The Beautiful Recession

My legacy is that I’m the one who hailed cabs
to Brooklyn, late at night. I hailed them with
the hopefulness of someone hailing a unicorn.
I’m the one who watched the view from
nighttime bridges. I’m the one who felt
butterflies when rising up the bridge in a cab,
rising higher and higher into the air, way above
horniness and stinkiness, up to where I could see
the tops of famous and infamous buildings,
all empty because mankind had gone
to make love in order to forget
the terrible lack of eternity.
Those were the days of a beautiful recession.
And I’m the one who kept finding himself
in the backseat of a cab, at the apex of a bridge,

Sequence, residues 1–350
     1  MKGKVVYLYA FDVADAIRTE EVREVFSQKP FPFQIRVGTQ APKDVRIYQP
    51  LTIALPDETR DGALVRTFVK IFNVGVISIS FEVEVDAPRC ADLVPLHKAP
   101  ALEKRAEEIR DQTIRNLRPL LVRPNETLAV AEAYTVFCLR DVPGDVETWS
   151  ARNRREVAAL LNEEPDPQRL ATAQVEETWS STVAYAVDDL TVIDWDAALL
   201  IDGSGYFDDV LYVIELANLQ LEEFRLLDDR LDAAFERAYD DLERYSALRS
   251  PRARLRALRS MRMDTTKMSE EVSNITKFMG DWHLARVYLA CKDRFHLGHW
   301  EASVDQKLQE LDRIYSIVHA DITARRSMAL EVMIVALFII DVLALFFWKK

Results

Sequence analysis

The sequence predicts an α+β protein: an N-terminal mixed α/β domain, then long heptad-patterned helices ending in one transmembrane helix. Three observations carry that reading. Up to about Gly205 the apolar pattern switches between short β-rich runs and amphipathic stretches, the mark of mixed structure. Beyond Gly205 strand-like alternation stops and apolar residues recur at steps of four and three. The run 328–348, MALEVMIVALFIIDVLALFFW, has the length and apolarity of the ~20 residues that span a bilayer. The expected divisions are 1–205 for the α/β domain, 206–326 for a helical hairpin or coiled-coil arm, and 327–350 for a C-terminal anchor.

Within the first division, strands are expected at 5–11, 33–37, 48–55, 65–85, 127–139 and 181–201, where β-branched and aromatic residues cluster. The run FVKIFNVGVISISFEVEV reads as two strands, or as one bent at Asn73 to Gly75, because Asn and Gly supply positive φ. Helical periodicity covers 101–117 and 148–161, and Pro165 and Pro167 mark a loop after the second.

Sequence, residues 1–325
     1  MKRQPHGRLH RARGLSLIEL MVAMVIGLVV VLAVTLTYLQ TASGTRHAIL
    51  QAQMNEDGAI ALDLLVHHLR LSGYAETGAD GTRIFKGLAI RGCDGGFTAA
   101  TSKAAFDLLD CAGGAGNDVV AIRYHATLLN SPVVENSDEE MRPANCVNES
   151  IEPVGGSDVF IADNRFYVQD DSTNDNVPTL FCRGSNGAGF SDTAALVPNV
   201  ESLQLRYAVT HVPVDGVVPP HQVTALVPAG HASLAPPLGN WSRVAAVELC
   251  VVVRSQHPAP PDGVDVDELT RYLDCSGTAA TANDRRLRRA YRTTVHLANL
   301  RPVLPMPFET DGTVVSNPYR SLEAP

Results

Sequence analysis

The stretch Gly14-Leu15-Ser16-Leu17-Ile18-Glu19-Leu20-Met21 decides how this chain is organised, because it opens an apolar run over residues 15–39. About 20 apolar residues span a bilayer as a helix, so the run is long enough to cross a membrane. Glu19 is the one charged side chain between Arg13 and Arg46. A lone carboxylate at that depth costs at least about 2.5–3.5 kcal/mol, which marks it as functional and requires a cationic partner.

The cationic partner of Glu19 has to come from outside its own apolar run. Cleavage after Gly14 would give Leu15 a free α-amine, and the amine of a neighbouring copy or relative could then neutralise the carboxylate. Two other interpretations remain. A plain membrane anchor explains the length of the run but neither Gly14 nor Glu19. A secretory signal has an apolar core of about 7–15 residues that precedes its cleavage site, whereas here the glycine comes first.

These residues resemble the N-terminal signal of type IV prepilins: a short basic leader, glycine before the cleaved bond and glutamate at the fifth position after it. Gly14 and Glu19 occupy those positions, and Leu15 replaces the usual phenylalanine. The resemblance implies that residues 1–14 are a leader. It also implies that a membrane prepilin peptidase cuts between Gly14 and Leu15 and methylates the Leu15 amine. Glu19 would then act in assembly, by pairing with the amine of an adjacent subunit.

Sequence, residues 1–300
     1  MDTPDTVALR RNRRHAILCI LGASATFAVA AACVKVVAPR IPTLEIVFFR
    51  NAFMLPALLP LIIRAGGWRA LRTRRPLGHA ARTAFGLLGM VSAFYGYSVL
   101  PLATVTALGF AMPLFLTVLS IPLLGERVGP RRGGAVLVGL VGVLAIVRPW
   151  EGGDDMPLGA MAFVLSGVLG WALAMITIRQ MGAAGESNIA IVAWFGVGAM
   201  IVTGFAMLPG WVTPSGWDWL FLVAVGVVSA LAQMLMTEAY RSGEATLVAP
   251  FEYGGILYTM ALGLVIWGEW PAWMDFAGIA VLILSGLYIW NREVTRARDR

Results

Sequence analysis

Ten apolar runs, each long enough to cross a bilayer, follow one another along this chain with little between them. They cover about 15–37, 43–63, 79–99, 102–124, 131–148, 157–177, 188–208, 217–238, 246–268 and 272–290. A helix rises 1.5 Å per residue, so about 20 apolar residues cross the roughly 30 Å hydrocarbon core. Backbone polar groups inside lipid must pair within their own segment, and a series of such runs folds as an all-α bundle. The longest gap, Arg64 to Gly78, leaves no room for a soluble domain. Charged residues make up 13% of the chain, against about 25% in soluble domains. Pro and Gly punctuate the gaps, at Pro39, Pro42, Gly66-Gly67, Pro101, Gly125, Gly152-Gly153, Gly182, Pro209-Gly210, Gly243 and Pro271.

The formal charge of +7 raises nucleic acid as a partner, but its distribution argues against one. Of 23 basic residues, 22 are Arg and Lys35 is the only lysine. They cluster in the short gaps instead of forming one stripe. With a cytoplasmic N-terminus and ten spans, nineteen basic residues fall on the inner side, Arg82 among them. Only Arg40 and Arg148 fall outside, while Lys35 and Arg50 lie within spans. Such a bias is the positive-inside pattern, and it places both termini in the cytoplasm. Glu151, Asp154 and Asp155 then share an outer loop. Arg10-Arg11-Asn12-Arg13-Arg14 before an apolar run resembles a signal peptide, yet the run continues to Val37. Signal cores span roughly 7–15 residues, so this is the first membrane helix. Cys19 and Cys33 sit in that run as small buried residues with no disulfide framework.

seeing my city from the vantage point
of a bird looking for a place
to either shit or build a nest.
On my way to ugliness,
there was always the beauty of my
time on the bridges: tiny lights spread
in every direction, like Braille
only read by gusts of wind
brushing against the cityscape.
As my bridge descended,
I looked at the lit windows
of the buildings beside it.
Those lit windows were stoked
by people just like me,
who stayed up late, trying to
keep up with eternity, but fell asleep
because it was payday in their dreams.